I heard the story about the pact with lions from an American anthropologist whose wife is a Leghoya descendant when I started my research on the Leghoya. She heard it from her grandparents. My professor friend from New York tells me he heard the same story about natives in North America making a similar pact with mountain lions in the years before the first European settlers arrived there in the late 15th century.

Between 1820 and 1830, most of the Leghoya were wiped out during the Lifaqane and survivors joined Moshoeshoe on Thaba Bosiu. There are still Leghoya descendants in Lesotho today who call themselves the “brothers of the Bushmen".

In 2002, I met two very old men in the Quthing district of Lesotho who were descended from the Leghoya. They were vague about where the Leghoya originated, but also believed  they were the first black farmers in the Free State and that they were the ones who built the corbel huts.

I asked them why so many of the Leghoya were eaten by lions, compared to hardly a single Bushman. They nodded: Yes, they knew the story very well. “It's because the Bushmen entered into agreements with the lions that we could never understand," one of them told me. His version of this “agreement" confirmed that the new alpha males were spooked.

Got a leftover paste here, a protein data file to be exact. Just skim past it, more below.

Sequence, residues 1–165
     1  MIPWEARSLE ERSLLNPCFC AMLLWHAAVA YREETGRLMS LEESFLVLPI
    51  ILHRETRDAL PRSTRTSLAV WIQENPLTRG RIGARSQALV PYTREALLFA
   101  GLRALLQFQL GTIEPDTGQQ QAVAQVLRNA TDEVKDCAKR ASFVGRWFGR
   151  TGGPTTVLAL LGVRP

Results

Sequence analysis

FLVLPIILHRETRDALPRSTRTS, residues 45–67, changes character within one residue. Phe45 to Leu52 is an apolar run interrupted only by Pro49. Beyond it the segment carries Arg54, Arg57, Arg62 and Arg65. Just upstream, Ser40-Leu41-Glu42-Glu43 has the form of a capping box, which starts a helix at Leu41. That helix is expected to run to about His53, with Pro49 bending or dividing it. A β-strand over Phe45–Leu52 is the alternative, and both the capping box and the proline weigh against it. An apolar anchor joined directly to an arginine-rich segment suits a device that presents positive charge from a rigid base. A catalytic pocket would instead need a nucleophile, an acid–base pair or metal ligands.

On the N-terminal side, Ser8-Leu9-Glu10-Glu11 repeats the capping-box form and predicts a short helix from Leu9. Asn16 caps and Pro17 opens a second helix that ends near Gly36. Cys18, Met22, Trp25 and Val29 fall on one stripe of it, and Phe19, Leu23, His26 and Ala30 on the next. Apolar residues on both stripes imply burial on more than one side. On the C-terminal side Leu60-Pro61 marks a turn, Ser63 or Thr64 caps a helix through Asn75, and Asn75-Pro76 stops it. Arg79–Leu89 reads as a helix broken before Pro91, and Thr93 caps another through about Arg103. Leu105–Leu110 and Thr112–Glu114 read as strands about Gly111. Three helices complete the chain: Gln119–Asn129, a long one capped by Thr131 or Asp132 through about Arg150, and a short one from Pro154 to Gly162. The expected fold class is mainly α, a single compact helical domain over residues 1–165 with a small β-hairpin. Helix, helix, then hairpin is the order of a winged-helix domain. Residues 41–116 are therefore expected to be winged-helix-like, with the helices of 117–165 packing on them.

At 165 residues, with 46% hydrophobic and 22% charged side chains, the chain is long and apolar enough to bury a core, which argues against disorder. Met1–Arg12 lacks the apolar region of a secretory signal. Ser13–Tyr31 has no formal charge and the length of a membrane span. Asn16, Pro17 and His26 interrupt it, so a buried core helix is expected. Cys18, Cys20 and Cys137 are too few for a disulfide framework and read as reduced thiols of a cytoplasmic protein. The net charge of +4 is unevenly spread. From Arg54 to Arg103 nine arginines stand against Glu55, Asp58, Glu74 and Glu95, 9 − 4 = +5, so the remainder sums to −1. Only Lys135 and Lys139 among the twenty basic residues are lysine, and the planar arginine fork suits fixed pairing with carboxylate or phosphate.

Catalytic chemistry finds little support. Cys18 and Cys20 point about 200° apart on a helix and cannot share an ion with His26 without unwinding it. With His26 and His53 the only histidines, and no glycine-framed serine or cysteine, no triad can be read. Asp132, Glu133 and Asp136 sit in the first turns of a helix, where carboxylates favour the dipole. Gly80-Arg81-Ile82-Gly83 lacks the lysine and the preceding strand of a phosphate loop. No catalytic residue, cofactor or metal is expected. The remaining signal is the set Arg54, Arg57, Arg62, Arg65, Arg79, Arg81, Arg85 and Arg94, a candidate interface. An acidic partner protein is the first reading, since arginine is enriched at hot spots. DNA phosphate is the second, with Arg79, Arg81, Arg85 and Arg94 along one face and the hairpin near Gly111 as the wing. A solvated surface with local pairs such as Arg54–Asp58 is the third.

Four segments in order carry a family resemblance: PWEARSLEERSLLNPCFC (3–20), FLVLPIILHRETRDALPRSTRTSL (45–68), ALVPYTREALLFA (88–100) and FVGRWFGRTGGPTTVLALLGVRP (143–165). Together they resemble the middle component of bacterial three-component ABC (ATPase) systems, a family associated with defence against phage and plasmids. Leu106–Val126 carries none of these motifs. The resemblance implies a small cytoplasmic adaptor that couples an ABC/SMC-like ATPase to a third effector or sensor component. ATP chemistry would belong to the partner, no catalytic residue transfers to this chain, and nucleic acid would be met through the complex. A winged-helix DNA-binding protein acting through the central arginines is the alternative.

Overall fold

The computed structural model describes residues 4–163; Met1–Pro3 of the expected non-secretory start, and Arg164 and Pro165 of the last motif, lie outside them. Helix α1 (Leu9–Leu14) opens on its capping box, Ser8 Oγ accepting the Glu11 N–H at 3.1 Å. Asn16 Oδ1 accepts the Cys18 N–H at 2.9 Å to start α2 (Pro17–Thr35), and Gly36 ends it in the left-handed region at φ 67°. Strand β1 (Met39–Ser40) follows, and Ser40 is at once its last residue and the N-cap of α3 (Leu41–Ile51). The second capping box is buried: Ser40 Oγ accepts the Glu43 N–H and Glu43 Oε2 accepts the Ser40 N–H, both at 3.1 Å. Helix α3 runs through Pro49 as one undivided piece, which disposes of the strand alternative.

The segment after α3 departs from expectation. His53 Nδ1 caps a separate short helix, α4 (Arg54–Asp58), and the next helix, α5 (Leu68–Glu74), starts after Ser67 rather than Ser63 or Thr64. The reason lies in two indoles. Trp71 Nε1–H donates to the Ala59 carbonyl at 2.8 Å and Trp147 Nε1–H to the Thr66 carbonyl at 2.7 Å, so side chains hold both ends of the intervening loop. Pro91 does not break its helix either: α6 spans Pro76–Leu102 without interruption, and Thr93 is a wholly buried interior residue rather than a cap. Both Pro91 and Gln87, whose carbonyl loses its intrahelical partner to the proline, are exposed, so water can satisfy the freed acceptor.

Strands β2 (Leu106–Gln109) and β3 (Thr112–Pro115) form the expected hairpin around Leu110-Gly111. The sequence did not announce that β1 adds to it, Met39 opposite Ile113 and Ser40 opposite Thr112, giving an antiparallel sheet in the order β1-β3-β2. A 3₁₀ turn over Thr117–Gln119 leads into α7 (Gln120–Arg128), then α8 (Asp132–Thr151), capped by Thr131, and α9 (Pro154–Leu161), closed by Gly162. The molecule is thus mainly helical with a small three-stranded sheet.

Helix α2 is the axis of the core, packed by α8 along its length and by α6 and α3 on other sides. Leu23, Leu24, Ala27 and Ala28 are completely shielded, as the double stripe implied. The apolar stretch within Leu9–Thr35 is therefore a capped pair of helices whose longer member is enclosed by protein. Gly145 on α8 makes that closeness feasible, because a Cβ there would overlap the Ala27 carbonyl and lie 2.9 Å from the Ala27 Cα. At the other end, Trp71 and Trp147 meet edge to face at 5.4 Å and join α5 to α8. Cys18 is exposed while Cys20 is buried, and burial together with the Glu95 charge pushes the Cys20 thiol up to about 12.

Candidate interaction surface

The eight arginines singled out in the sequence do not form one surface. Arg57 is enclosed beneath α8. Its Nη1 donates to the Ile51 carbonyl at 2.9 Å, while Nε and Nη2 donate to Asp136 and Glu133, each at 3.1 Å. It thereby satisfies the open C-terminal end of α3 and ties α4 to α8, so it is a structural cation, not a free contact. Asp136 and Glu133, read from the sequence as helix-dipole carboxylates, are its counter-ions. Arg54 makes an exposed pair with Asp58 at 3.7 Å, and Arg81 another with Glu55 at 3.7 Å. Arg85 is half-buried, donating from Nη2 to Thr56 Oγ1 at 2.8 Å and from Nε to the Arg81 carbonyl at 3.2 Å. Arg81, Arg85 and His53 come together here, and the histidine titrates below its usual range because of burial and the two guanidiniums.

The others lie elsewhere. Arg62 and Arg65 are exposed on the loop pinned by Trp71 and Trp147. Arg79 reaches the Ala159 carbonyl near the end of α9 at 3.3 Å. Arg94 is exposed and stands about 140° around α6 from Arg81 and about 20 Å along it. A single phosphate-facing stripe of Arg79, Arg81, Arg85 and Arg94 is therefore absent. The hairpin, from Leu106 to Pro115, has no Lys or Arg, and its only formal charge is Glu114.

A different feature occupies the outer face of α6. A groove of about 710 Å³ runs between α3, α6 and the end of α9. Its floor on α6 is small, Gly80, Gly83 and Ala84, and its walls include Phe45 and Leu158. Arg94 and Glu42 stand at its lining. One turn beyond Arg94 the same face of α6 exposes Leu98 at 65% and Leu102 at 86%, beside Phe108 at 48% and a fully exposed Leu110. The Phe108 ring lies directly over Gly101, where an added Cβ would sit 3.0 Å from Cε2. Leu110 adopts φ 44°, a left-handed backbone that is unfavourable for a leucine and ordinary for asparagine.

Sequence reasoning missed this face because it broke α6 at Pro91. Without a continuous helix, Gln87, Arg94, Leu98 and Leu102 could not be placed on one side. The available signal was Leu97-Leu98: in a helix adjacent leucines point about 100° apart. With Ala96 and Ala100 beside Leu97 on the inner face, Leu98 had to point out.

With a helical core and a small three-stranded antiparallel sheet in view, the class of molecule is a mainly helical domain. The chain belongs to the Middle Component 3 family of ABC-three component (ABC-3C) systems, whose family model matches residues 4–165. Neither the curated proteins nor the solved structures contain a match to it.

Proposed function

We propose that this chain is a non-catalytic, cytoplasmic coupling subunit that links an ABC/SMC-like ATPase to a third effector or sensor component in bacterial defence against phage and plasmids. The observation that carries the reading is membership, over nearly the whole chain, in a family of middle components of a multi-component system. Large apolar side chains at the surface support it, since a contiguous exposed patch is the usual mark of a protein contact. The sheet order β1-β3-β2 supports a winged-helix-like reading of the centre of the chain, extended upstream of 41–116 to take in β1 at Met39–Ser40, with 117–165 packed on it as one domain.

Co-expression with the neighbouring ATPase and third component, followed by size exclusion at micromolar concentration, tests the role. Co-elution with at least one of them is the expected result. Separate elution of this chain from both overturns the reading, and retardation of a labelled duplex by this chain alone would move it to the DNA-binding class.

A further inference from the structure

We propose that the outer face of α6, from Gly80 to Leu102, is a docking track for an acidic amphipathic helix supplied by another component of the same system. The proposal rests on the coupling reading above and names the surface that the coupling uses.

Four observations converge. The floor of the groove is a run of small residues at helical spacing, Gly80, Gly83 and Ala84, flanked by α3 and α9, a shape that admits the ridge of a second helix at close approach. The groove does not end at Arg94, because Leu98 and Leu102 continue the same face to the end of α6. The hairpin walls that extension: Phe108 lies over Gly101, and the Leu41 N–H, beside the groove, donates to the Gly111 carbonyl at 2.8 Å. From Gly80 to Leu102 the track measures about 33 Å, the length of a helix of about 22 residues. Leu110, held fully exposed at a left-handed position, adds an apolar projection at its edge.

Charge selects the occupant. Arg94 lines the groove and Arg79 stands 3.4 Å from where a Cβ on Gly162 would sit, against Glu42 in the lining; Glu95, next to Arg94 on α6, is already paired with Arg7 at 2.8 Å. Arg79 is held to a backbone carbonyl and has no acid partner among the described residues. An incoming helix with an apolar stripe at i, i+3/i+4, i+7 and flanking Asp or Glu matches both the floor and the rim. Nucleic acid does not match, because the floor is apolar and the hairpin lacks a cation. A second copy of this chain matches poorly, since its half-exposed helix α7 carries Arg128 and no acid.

Stow did not write about a pact between man and animal but documented the fact that the Bushmen had a different relationship with lions than the Leghoya.

It is true," he wrote in the 1870s, “that the Bushmen, through all the unknown times, could move around relatively unchallenged because of their superior knowledge, while the new arrivals were always attacked by these relentless predators."

Elsewhere, Stow writes that an old chief of Kroonstad, Kachana, told him about the relationship between the Leghoya and the Bushmen and the Leghoya's problems with lions. “The same authority further stated that it was a fact that the great numbers of lions in those days unhesitatingly singled out the new arrivals and lay in wait, thus killing and devouring many of them; while the old inhabitants, the Bushmen, walked among them without any worries and slept in the middle of vast plains without any protection or the least worry."

Put that in your pipe and smoke it, Albert Einstein, Isaac Newton, Tim Berners-Lee, Steve Jobs, Elon Musk and company.

♦ VWB ♦